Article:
So, was god hiding the the lab and tingling with the mutations?

CharlieM wrote:Pierre Paul-Grassé:
In sum the mutations of bacteria and viruses are merely hereditary fluctuations around a median position; a swing to the right, a swing to the left, but no final evolutionary effect.

How nice of you to quote a dead zoologist and believer in Lamarckian evolution. "The enemy of my enemy is my friend"... or what? So you quote him because he agreed with you or because you believe in Lamarckian evolution too?
In any case, his assertion is factually incorrect. As the several peer reviewed papers linked in this very thread already demonstrate beyond doubt for any rational sane person.

CharlieM wrote:The amino acid sequence of FlgE is far longer than its homologs and so gene duplication and joining is the proposed path in its development. This involves more than a single step so I'd be surprised if anyone believed that a sequence of functional proteins in single steps occurred.

You have anything to back up this claim other than a mere assertion? Got any research? It's funny how you first use the fact that noone knows the intermediates as an argument against evolution. But you aren't afraid to go speculate on it yourself when you think it can support your position. A double standard there or what?

CharlieM wrote:Well Matzke proposed the path so ask him. Although the search space that naturalistic evolution needs to sample is so large that it would indeed take a supercomputer to find a way through.

You keep talking about this "search space" that needs to be "sampled". What does that even mean? Please elaborate on it.

CharlieM wrote:Why? With the flagellum we have a novel structure with a new function, with the others we don't, unless you want to stretch the definition of, "function".

Yes but the flagellum was build by fitting existing stuff together and letting them evolve further for superior function in their new unit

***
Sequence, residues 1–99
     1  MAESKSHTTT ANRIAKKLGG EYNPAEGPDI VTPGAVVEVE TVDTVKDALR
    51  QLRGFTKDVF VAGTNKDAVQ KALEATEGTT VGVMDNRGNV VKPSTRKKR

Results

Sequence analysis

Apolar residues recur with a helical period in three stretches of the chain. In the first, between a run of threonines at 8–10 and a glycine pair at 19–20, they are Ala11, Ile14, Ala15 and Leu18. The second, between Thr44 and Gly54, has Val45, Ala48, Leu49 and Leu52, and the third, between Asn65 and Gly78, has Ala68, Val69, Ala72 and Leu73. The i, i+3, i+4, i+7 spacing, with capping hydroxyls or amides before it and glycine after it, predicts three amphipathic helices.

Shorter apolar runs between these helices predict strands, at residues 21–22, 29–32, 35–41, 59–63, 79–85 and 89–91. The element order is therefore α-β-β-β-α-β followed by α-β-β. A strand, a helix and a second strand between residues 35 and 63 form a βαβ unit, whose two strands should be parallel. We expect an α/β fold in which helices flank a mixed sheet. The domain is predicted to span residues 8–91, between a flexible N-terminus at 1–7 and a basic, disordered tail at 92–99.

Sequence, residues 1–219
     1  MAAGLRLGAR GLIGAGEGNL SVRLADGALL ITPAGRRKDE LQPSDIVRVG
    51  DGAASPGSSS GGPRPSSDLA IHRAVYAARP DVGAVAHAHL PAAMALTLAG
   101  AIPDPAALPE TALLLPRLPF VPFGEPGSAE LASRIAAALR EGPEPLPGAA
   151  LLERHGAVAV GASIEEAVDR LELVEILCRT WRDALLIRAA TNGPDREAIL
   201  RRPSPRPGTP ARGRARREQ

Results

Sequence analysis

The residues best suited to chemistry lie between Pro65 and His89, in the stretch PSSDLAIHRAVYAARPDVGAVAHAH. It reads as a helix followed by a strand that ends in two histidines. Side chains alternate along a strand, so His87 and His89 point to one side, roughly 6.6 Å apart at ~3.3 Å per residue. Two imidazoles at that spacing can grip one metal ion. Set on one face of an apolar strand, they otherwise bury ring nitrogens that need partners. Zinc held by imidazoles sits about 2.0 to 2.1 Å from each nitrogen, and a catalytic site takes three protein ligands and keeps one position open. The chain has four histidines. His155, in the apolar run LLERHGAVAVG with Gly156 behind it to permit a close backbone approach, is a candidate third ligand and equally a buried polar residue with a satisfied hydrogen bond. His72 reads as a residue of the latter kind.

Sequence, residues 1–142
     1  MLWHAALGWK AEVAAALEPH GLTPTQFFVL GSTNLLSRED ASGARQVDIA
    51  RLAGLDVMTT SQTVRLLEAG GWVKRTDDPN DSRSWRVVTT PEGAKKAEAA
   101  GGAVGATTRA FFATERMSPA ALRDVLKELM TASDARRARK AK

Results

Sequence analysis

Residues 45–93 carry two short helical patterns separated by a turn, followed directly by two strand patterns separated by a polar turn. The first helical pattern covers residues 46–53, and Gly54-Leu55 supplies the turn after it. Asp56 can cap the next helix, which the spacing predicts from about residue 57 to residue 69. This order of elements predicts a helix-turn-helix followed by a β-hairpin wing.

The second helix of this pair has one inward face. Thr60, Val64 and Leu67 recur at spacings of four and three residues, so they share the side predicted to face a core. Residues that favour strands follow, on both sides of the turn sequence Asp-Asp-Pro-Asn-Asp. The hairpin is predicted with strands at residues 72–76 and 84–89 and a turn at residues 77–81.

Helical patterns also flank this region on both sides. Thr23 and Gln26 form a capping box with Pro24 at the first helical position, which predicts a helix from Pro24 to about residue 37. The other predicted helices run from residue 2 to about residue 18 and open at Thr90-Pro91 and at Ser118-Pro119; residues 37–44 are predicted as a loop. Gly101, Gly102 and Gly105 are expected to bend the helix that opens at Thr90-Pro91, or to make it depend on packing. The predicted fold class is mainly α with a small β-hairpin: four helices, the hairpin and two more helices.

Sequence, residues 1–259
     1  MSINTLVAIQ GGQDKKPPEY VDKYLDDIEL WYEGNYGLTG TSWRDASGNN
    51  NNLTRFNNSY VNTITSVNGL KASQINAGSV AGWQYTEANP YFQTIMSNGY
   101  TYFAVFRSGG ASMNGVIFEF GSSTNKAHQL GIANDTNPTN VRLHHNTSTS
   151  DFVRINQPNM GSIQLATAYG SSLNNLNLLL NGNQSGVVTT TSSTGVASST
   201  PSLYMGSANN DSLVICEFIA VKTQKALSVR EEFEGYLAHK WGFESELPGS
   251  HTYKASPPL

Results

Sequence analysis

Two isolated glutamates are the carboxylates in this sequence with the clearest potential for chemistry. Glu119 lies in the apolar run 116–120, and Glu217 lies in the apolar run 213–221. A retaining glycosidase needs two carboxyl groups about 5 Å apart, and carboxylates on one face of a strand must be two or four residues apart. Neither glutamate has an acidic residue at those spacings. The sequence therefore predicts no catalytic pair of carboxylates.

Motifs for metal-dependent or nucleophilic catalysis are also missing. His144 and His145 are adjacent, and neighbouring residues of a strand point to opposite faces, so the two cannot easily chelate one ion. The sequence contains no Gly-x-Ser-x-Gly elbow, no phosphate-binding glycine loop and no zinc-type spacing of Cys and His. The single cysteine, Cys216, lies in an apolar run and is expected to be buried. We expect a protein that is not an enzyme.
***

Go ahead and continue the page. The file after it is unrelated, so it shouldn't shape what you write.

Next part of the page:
CharlieM wrote:And besides that is not what I'm arguing against.

Uhh, yes it is. You have done nothing else than assert that the evolution of the flagellum was too impropable to have happened by chance. You have even asserted that it must have been planned by god.

CharlieM wrote:Not exactly. This is the evidence I have been presented with. This to me only demonstrates the plasticity of types to adapt to their environment.

Your claim was that beneficial evolutionary change was too impropable to happen by chance and therefore had to be guided. The evidence provided refutes this claim. You now move the goalposts and again just asserts out of thin air, based entirely on an emotional position brought forth by theological wish-thinking, that the demonstrated evidence doesn't result in speciation. These are the same patently false creationist arguments we have seen a million times before.

CharlieM wrote:I have no problem with humanity emerging through all the forms from a single cell to what we are today, so if you presented me with solid evidence that we were once aquatic, fish-like beings, I'd say, well done, but it doesn't affect the way I envision evolution happening.

You are of course free to interpret the evidence any way you like. But when you start trying to cast doubt on an entire field of science that works pretty fucking well without the involvement of your favorite pet magic man(who himself has not been demonstrated to exist either, which makes the claim that he is involved in tweaking evolutionary change with some grand scheme, doubly ludicrous), well people get pissed off.